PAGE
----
Items Similar to Historic Provenance Edward Wormley for Dunbar Button Velvet Tufted SofaView More
Offered is the Edward Wormley for Dunbar iconic tufted sofa model #5407, purchased at auction from the estate of Walter Hamilton White, a Dunbar Furniture executive that worked in the New York City showroom for Dunbar in the 1960s and was an avid Dunbar Furniture collector. This particular sofa from Edward Wormley is quite rare and remained in the poccession of this collector for at least 50 years. The button tufting alone makes this sofa brilliant! This very comfortable and gracious sofa is in its original upholstery, a gorgeous coral orange that is on trend for color in decor. This piece is a true collector piece!
Of the Period
Place of Origin
Date of Manufacturecirca 1960s
ConditionGood. Very good vintage condition. The original upholstery is a current fashionable shade of orange velvet and with a proper cleaning might not need to be replaced. The structure of the sofa is in good vintage condition..
WearWear consistent with age and use. Minor fading.
Seller LocationHouston, TX
Number of Items1
About Edward Wormley (Designer)
As the longtime director of design for the Dunbar furniture company, Edward Wormley was, along with such peers as George Nelson at Herman Miller Inc., and Florence Knoll of Knoll Inc., one of the leading forces in bringing modern design into American homes in the mid 20th century. Not an axiomatic modernist, Wormley deeply appreciated traditional design, and consequently his work has an understated warmth and a timeless quality that sets it apart from other furnishings of the era.
Wormley was born in rural Illinois and as a teenager took correspondence courses from the New York School of Interior Design. He later attended the Art Institute of Chicago but ran out of money for tuition before he could graduate. Marshall Field hired Wormley in 1930 to design a line of reproduction 18th-century English furniture; the following year he was hired by the Indiana-based Dunbar, where he quickly distinguished himself. It was a good match. Dunbar was an unusual firm: it did not use automated production systems; its pieces were mostly hand-constructed. For his part, Wormley did not use metal as a major component of furniture; he liked craft elements such as caned seatbacks, tambour drawers, or the woven-wood cabinet fronts seen on his Model 5666 sideboard of 1956. He designed two lines for Dunbar each year — one traditional, one modern — until 1944, by which time the contemporary pieces had become the clear best sellers.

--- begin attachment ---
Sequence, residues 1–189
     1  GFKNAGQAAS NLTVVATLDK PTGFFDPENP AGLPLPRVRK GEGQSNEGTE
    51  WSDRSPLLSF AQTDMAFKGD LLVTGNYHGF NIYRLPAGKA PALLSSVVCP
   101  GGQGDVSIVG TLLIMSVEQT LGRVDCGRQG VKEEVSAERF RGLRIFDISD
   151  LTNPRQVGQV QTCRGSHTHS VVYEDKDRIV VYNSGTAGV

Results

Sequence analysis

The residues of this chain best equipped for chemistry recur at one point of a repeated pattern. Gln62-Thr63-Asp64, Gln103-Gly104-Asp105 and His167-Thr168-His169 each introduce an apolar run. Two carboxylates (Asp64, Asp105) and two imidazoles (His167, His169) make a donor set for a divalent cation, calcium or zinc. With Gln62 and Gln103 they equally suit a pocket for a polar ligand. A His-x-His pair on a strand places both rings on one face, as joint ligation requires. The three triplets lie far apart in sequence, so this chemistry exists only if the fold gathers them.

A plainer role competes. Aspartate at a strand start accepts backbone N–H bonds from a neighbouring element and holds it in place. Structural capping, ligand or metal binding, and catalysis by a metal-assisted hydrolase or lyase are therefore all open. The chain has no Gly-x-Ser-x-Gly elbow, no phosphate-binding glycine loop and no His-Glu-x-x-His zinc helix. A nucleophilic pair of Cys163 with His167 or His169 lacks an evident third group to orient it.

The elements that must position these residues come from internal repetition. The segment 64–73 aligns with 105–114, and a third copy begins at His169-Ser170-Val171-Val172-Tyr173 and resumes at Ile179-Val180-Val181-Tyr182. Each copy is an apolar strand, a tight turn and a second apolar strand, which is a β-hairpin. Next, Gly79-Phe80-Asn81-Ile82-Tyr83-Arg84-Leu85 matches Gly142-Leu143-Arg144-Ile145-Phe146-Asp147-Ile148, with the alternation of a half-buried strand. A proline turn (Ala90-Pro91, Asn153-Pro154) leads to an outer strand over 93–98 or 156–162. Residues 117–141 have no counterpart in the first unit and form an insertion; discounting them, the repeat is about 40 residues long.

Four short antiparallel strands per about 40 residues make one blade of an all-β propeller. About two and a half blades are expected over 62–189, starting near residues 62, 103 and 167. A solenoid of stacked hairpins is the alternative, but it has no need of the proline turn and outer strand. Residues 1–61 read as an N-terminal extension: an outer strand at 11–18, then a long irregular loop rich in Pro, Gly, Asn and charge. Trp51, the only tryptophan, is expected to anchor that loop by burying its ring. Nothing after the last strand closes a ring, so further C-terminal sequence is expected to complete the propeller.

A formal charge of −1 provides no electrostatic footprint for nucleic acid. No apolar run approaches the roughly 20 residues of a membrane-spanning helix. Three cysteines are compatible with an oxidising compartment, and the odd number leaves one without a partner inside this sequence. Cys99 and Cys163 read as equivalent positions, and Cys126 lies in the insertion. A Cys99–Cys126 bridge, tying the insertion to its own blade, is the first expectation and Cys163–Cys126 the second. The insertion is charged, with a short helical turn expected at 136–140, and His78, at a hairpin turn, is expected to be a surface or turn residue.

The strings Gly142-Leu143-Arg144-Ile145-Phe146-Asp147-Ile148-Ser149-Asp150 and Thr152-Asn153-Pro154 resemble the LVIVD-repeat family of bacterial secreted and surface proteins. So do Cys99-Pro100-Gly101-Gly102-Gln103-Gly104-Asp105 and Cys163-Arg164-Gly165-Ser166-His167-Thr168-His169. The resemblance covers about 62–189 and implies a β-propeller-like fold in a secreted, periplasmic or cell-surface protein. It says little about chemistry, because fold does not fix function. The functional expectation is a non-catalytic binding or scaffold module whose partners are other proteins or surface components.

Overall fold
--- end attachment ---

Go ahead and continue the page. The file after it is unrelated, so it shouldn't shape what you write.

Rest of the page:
Many of Wormley’s signature pieces are modern interpretations of traditional forms. His 1946 Riemerschmid Chair —an example is in the collection of the Museum of Modern Art — recapitulates a late 19th-century German design. The long, slender finials of his Model 5580 dining chairs are based on those of Louis XVI chairs; his Listen-to-Me Chaise (1948) has a gentle Rococo curve; the “Precedent” line that Wormley designed for Drexel Furniture in 1947 is a simplified, pared-down take on muscular Georgian furniture. But he could invent new forms, as his Magazine Table of 1953, with its bent wood pockets, and his tiered Magazine Tree (1947), both show. And Wormley kept his eye on design currents, creating a series of tables with tops that incorporate tiles and roundels by the great modern ceramicists Otto and Gertrud Natzler. As the items on these pages demonstrate, Edward Wormley conceived of a subdued sort of modernism, designing furniture that fits into any decorating scheme and does not shout for attention.
1stdibs seller since 2014
Typical response time: 1 hour
Located in Houston, TX